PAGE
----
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Thursday, July 28, 2011

Live in Eagle County and live longer, better

This valley has one of the nation's longest life expectancies
by, Randy Wyrick
Vail Daily, 7/26/2011

In Eagle County, we live longer and we live better than almost anyone else in the United States.

Eagle County men can expect to live to 79.1 years old, up from 72.8 in 1987.

Eagle County women will live to 83.1, up from 79.6 in 1987.

That's longer than almost any place else in the country, and almost as long as anywhere on earth, according to a study from the University of Washington.

“We live a long time because of our healthy behaviors. It prevents chronic diseases and death from things like lung cancer that results from smoking and obesity that results from eating too much, eating badly and never exercising,” says Rebecca Larson, who handles public health for Eagle County's Health and Human Services department.

And we seem to be getting healthier faster than almost anyone else, the study found.

The rates of improvement for Eagle County men are the best in Colorado.

In Eagle County:

Only 14 percent use tobacco, compared to 19 percent statewide.

Only 13 percent are obese, compared to 19 percent statewide, and Colorado has the lowest obesity rate in the nation.

Thirty five percent of Eagle County adults report that they get their five servings of fruits and veggies per day, compared to 25 percent statewide.

Because we have a low obesity and smoking rate, we have low incidence of heart disease and diabetes, the kind of stuff that can lead to an early grave.

“We're getting outside, getting some exercise, eating fruits and vegetables. That affects our low obesity rate,” Larson says. “I wasn't surprised for our county. We're focused on recreation. There has been an effort to promote healthy eating and a healthy lifestyle, and I think that will continue.”

The University of Washington study looked at more than 3,000 counties across the United States. Eagle County ranked 27th in life expectancy in the nation. Eagle County men ranked 37th.

The only Colorado counties higher were Larimer for men, Summit for men, Pitkin and Douglas and Gunnison counties for both men and women.

Between 1987-2007, Eagle County's life expectancy improved 6.3 years, more than almost anyone in the country.

Pitkin County boasts a top-10 life expectancy — 84.2 years for women, 80 for men.

Douglas County men had the fifth-highest life expectancy in the nation. Fairfax County, Va., has the highest lifespans for men, while Collier, Fla., has the highest for women.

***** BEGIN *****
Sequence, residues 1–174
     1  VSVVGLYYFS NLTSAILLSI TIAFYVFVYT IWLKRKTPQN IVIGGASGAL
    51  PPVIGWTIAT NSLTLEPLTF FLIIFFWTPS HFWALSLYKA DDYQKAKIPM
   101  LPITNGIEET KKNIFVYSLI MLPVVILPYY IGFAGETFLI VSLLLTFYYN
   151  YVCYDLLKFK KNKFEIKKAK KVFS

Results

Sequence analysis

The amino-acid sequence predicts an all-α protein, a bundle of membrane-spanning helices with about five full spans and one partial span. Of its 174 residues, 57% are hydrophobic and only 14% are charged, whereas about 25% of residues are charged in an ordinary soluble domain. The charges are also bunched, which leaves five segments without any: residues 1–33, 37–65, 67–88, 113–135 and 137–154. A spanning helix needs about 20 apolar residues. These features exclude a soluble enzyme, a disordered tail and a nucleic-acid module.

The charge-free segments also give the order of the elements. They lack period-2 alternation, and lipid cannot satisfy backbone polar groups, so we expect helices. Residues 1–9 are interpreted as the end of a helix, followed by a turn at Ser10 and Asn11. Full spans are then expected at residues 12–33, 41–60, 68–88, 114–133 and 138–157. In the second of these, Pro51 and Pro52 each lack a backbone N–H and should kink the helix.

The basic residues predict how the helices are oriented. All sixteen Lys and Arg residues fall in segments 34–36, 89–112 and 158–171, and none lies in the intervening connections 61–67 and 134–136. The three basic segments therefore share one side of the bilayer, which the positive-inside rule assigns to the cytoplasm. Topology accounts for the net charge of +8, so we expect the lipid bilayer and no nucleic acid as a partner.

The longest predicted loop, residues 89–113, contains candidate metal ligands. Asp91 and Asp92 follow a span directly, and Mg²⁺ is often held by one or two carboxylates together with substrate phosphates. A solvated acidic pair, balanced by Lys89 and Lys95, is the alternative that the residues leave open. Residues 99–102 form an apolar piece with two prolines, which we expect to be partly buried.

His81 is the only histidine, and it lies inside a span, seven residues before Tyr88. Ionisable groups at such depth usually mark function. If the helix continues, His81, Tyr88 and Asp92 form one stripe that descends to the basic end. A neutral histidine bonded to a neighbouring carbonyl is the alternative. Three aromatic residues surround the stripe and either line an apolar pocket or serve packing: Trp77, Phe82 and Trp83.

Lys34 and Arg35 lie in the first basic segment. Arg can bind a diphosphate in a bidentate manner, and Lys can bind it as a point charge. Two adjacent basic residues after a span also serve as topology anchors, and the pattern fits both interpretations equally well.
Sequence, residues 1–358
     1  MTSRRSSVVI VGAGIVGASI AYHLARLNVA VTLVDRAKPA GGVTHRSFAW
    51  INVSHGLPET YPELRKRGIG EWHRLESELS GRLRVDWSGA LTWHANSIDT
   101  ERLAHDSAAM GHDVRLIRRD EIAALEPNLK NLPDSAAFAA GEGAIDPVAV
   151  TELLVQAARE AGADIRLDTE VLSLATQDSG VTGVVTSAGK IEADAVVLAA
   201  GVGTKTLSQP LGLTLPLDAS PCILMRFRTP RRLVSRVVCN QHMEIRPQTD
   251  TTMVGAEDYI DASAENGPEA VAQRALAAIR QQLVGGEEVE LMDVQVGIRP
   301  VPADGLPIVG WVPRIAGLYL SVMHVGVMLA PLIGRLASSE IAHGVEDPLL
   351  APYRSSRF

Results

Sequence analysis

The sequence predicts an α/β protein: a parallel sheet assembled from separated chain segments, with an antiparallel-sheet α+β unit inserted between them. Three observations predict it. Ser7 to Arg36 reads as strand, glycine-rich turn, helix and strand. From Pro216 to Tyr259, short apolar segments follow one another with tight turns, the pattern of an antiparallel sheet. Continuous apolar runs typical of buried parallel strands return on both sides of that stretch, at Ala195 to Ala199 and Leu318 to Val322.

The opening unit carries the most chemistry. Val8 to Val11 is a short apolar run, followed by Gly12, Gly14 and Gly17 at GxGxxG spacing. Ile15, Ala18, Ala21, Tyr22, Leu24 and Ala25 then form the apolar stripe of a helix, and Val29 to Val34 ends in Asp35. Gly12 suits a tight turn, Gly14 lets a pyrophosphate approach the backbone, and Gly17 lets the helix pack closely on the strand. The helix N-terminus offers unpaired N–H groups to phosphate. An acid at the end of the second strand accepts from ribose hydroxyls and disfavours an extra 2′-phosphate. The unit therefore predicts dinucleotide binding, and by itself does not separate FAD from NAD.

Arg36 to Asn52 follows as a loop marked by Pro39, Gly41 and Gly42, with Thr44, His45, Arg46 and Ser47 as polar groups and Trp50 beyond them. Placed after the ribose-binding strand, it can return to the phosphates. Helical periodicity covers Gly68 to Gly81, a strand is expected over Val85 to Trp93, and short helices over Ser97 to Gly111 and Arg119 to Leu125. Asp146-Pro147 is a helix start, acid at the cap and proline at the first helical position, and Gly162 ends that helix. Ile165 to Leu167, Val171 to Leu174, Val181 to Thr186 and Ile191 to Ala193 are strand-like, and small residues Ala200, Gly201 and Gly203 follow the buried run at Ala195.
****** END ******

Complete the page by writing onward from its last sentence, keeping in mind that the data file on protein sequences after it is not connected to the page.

Colorado the most active state
Colorado is the most active state in the nation, and Eagle County one of the most active counties.

Only 11.6 percent of Eagle County people are considered inactive.

Steve Russell, director of the Western Eagle County Metropolitan Recreation District, said he's not surprised.

“Colorado is a great place to live, and people move here to be active and outdoors,” Russell said. “If you compared our native population to other states, the gap might be smaller. But people move here because they want to be active in the environment.”

“It's the opportunities we have to be active,” said Jamie Gunion, marketing director with the Vail Recreation District.

It's a lifetime range of activities, Gunion said.

“So much of what we do is based on the great outdoors and everything we have to enjoy here in the valley,” she said. “We have golf courses, there's the mountain bike series, trail running series; the day camps are designed to help young people be active.”

Nationwide disparity
The most current county-level analysis finds large disparities nationwide. Women fare worse than men in improving their life expectancies, and people in Appalachia, the Deep South, and Northern Texas live the shortest lives.

People in Japan, Canada, and other nations are enjoying significant gains in life expectancy every year, most counties within the United States are falling behind, according to the Institute for Health Metrics and Evaluation (IHME) at the University of Washington.

Researchers found that between 2000 and 2007, more than 80 percent of U.S. counties fell, compared to the average of the 10 nations with the best life expectancies in the world.

“We are finally able to answer the question of how the U.S. fares in comparison to its peers globally,” said Dr. Christopher Murray, IHME Director and one of the paper's co-authors. “Despite the fact that the U.S. spends more per capita than any other nation on health, eight out of every 10 counties are not keeping pace in terms of health outcomes. That's a staggering statistic.”

The researchers suggest that the relatively low life expectancies in the U.S. cannot be explained by the size of the nation, racial diversity, or economics. Instead, the authors point to high rates of obesity, tobacco use, and other preventable risk factors for an early death as the leading drivers of the gap between the U.S. and other nations.

Five counties in Mississippi have the lowest life expectancies for women, all below 74.5 years, putting them behind nations such as Honduras, El Salvador and Peru. Four of those counties, along with Humphreys County, Miss., have the lowest life expectancies for men, all below 67 years, meaning they are behind Brazil, Latvia and the Philippines.

Women live the longest in Collier, Fla., at 86 years on average, better than France, Switzerland and Spain. Men live the longest in Fairfax County, VA, at 81.1 years, which is higher than life expectancies in Japan and Australia. Women are also living long lives in Teton, Wyo.; San Mateo and Marin, Calif.; and Montgomery, Md. For men, long life spans also can be found in Marin, Calif.; Montgomery, Md.; Santa Clara, Calif.; and Douglas, Colo.

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